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Recruitment Guide. Good candidates aren’t glamorous - unlike in typical startup myths

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Essential Highlights
  • The "Hollywood approach" to hiring, which focuses on finding "superstar" employees with traits like passion and enthusiasm, is flawed and not aligned with what modern companies need for success.

  • Employees with high passion and enthusiasm often had unrealistic expectations and tended to focus more on appearances than results, leading to various workplace problems.

  • Realize the importance of systems over individuals, emphasizing that the strength of a company lies in its systems and processes rather than the ingenuity of its employees.

  • Advises against prioritizing traits like admirability, loyalty, and passion in recruitment, suggesting instead to focus on measurable qualities like competence, intelligence, and work ethic.

There are two ways to approach recruitment for your company, and one of them is wrong.

The wrong approach is the kind you’ve probably encountered in bestselling management books, SEO-optimized recruitment blogs, and motivational seminars. In this approach, companies are encouraged to look for "superstars", i.e. brilliant, slightly eccentric individuals who, through a combination of ingenuity and charm, will completely transform your organization for the better.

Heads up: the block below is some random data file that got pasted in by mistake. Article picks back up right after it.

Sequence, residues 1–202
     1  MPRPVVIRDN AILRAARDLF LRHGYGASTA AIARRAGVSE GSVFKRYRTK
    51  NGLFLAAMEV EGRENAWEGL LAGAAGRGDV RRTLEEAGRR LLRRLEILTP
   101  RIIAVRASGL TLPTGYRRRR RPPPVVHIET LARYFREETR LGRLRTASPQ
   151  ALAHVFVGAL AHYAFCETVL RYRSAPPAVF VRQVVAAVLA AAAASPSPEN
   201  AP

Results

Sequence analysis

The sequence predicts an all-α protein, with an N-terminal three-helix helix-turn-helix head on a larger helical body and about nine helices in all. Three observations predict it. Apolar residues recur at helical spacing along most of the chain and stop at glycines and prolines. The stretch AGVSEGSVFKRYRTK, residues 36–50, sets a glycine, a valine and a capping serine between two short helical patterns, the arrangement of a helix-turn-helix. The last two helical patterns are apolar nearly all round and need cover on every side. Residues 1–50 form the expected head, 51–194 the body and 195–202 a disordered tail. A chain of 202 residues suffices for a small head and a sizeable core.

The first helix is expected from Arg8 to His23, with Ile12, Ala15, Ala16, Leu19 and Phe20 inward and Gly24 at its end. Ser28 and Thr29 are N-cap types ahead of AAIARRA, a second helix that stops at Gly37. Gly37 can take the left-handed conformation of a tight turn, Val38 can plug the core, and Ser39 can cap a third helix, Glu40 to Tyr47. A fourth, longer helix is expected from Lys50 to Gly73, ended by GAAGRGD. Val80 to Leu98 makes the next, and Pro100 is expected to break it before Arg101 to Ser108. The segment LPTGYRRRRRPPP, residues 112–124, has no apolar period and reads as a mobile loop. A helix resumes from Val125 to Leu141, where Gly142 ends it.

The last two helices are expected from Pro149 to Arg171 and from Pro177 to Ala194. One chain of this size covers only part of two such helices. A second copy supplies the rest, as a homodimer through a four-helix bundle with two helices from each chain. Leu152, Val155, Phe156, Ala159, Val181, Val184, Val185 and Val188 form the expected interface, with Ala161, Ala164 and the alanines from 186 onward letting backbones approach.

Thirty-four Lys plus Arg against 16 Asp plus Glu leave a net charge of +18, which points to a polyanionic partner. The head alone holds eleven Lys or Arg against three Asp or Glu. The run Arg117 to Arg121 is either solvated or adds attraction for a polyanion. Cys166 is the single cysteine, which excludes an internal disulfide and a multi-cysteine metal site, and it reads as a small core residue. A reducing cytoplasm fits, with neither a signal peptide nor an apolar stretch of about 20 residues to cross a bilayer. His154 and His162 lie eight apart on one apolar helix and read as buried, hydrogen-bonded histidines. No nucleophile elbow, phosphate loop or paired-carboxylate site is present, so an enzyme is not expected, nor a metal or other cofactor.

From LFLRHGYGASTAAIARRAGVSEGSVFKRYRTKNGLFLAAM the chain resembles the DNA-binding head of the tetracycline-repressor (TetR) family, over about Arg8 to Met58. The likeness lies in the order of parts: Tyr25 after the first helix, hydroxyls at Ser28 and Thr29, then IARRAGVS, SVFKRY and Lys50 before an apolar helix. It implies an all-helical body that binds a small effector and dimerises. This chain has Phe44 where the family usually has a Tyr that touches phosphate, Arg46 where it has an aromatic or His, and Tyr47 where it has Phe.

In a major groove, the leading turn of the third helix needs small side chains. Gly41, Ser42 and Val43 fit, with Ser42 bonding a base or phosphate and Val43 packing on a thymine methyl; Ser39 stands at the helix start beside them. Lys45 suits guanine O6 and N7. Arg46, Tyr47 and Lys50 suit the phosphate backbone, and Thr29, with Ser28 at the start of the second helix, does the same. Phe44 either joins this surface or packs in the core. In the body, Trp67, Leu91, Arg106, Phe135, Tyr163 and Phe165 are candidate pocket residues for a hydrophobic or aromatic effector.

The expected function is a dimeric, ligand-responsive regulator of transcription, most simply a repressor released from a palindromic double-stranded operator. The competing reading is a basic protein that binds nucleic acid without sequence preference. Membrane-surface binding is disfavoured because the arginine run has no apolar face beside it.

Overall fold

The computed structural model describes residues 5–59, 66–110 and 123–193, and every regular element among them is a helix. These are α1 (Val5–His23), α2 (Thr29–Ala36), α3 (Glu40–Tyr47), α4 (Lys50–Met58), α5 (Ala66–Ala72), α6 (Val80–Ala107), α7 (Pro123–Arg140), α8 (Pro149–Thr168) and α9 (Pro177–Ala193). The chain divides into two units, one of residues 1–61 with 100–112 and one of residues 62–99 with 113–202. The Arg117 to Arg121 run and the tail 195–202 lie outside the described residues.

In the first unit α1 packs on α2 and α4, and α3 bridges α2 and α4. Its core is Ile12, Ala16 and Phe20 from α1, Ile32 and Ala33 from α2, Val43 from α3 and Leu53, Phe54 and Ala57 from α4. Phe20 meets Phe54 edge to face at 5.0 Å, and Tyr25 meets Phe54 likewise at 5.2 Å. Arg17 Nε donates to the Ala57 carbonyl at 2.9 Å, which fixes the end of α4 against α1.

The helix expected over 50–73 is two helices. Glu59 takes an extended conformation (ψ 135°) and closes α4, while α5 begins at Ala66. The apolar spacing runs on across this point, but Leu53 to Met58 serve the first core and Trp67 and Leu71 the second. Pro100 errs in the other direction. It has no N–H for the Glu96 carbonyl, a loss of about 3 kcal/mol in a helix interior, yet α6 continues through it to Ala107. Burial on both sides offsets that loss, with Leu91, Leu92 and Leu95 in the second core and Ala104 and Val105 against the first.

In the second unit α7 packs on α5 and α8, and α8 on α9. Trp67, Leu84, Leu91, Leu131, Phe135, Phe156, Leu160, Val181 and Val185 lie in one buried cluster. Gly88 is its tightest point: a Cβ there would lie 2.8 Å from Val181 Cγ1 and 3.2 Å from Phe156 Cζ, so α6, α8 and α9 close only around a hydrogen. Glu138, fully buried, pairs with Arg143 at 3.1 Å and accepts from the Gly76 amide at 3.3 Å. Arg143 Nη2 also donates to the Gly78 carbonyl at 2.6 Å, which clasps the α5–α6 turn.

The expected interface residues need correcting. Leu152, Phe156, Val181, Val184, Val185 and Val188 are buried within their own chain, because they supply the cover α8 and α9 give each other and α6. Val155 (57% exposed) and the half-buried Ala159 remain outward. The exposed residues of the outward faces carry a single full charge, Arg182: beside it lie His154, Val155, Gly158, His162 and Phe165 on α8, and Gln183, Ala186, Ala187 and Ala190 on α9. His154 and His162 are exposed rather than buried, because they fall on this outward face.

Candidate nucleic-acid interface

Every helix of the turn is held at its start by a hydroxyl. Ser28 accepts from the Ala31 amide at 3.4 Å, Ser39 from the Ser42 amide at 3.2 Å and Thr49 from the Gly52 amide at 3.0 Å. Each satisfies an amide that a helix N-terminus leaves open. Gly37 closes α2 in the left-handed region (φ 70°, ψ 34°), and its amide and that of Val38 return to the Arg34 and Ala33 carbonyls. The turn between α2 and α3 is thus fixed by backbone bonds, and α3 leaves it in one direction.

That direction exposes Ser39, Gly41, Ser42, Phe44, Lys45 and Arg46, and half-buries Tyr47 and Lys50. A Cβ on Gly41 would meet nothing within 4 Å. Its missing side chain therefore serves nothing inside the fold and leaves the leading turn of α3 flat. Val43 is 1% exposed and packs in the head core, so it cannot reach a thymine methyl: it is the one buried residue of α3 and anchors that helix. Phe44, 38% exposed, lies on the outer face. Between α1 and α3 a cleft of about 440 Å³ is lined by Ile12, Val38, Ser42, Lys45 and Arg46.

At Redrob, we call this “the Hollywood approach” to hiring — because, just like the movies, it tends to focus way too much on individuals: their traits, their talents, their stories. It assigns lots of value to qualities like passion and enthusiasm, which don’t matter nearly as much as you think, while downplaying the qualities that really matter. (Don’t worry, we’ll get to those soon).

The Hollywood approach to hiring is certainly appealing. After all, everybody likes stories about passionate people who single-handedly achieve great things; by contrast, the market for stories about respectful, punctual, and reliable workers is probably a little smaller. The main problem, though, is that these stories are based on a fantasy about what modern companies actually require to succeed.

Early on in our growth, we - senior management at Redrob - adopted the Hollywood approach to recruitment, and we ended up regretting it. We took the prevailing wisdom about recruitment for granted, initially seeking out employees who were “passionate”, “enthusiastic”, and “loyal.” We assumed these traits would be important for people working at a growing IT startup. Why wouldn’t we? Every single one of the generic recruitment blogs we read told us so.